… gang aft agley” as Rabbie Burns, Scotland’s Shakespeare (or is Shakespeare England’s Burns? Hmmm. It’s a democracy, you decide.) once said.
To continue the “dark art of chairing” strand, having prepared for the two events I was to chair on Saturday, the flexibility mentioned in an earlier post was brought home to me. The preparation all done for the Clare Mulley and Alexander Masters discussion on biography, the event turned out not to be quite as I’d expected or planned for.
Clare is a brilliant writer and researcher and I was told that she had a prepared piece with visuals from her computer. Indeed she did and for just over forty minutes the lecture she gave was a fascinating précis of her book, a wonderful tour around her subject Eglantyne Jebb – the charismatic and adventurous woman who founded Save the Children – and a superb stand-alone piece that would have worked extremely well as an entire event of itself. Alexander Masters rose to the occasion magnificently, not least when asked by Clare to click the images forward from her computer on her command, a very generous contribution from a co-programmed, equal-billed author.
The problem from the chairing perspective was that to then ask Clare the questions I had in mind before turning to Alexander would mean cutting into his already shaved time allotment, it being a matter of courtesy, the chair’s responsibility and the unwritten literature festival norm for the time available to be equally shared between the number of authors on the stage. Solution? To distil the questions that I wanted to ask Clare down to three before attempting (rarely has one word done so much work in a sentence) a seamless segue into the very different nature of Alexander’s biography of Stuart Shorter, a young, alcohol and drug dependant homeless man with an extraordinary ability to cut to the heart of his dreadful situation.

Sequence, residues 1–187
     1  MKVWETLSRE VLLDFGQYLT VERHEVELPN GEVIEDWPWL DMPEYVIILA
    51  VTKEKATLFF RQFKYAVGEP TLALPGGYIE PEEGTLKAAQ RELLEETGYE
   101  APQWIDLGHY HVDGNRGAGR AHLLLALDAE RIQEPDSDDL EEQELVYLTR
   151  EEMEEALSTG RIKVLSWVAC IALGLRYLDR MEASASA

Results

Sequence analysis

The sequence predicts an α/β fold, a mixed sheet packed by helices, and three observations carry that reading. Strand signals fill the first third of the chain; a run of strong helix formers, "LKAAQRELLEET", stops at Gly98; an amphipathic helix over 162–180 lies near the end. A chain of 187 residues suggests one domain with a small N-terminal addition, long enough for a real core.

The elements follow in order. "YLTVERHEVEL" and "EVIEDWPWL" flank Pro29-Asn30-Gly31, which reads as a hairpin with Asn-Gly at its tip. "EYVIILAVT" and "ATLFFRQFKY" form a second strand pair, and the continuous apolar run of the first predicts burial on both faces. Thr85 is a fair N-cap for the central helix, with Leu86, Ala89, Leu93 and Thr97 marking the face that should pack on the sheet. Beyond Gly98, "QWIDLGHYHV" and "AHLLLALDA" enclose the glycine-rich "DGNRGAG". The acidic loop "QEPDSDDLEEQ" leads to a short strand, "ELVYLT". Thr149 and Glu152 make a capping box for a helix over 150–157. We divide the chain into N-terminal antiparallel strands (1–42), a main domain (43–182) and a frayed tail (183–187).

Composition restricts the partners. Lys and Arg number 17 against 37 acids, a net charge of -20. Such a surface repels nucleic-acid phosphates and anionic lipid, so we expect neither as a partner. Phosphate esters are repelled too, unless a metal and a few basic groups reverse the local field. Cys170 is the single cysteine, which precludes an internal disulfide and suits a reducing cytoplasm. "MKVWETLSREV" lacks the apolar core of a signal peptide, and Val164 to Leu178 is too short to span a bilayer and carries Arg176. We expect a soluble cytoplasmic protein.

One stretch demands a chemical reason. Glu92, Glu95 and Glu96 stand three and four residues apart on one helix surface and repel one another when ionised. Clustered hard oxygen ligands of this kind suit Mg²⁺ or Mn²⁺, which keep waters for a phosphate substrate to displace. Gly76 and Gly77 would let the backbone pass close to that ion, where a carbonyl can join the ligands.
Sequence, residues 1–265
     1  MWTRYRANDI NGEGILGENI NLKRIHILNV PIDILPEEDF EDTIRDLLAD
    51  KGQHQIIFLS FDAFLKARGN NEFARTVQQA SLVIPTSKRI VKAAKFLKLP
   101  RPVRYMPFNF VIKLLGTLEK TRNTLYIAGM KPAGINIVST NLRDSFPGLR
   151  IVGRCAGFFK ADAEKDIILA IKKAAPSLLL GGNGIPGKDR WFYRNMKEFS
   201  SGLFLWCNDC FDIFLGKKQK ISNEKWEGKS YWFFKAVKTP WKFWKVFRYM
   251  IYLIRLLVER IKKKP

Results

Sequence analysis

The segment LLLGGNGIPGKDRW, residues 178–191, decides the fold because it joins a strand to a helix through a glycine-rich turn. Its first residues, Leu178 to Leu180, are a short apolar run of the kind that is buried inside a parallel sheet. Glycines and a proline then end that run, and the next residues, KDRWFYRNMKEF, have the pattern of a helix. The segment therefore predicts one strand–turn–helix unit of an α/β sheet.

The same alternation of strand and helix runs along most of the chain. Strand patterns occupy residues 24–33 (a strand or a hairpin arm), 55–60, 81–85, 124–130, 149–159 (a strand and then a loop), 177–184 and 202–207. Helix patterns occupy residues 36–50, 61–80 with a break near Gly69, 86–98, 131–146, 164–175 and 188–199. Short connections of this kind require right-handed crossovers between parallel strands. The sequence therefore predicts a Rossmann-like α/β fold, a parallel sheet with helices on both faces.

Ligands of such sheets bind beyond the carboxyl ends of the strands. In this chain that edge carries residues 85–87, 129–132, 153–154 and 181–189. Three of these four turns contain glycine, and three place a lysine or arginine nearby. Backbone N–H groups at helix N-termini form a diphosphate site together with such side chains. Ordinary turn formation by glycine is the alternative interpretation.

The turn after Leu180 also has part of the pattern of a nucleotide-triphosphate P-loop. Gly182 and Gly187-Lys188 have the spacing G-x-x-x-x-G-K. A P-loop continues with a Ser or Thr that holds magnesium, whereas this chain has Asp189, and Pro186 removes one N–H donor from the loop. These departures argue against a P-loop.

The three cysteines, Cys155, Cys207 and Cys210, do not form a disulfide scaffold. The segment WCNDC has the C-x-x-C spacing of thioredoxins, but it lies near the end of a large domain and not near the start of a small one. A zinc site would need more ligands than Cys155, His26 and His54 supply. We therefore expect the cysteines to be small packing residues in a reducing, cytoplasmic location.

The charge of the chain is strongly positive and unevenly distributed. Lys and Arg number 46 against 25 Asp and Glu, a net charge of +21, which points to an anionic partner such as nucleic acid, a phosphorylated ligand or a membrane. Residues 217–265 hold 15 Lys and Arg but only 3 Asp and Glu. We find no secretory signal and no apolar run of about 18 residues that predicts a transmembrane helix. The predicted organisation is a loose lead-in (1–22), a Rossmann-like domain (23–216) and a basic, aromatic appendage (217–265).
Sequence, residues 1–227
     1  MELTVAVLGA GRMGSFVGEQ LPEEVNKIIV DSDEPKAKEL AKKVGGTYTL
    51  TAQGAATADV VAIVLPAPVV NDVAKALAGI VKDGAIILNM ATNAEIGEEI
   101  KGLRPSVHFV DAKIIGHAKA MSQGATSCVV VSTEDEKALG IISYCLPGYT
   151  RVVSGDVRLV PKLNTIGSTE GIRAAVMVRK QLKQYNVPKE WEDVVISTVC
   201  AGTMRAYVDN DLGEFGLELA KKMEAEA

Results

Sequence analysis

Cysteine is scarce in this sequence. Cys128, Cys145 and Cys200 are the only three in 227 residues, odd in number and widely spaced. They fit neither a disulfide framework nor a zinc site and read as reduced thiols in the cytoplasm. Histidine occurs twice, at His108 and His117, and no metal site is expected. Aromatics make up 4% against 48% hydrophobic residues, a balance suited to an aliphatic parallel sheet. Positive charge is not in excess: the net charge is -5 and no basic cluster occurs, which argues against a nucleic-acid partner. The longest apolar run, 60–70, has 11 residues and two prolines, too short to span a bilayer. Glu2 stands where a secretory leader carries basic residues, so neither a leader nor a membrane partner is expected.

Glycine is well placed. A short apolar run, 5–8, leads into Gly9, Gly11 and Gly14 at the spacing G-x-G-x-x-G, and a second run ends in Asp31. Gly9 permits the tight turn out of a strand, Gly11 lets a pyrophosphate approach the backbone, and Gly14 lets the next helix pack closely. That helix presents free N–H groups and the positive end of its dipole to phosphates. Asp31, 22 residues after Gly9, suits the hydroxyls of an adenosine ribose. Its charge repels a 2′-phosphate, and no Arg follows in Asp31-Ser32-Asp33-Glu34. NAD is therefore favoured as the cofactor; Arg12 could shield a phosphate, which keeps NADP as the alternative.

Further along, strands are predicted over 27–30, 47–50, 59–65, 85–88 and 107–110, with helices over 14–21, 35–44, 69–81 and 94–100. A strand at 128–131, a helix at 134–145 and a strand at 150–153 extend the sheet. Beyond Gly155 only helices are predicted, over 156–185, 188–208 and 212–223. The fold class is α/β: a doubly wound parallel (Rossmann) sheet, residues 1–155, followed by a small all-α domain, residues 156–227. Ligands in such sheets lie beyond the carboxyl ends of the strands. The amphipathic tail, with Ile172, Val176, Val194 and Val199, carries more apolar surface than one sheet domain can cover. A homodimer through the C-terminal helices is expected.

Alexander spoke emotionally and eloquently about his subject and one could feel the crowd warm to this gentle, funny and humane writer. Not least during the revelation that when Stuart had read Alexander’s manuscript (the product of two years of interviews and literary endeavour) and was asked his opinion, Stuart replied “It’s b*ll*cks boring.”
We rather raced through Alexander’s tale, but covered the main themes in some detail before I encouraged the two authors to compare and contrast their differing dynamics – Clare’s dealing with a subject no longer living but about whom much has been written, Alexander’s being with the complete opposite. They riffed magnificently for ten minutes or so before I realised that were in rapid danger of running over time (a literature festival faux pas of sackable magnitude) and invited questions from the audience.
How can you tell if an event has gone well? Two simple ways really. Are there any questions from the audience and if so are they equally divided between the authors? And do people then buy the book. I’m very happy to report that by both yardsticks the event was deemed to be a success. There is of course another test: were the authors happy? Well only they could tell you but my eyes remain unblacked and I’ve received a charming email from Clare. You will be the judge.
So when the “scheme” has “gang agley,” as the Bard of Ayrshire put it, remember the watchword, flexibility, flexibility, flexibility.
Next in this slightly odd series, “What to do when one of the billed authors can’t make it to the event at the last minute.”
If you have been, thank you for reading!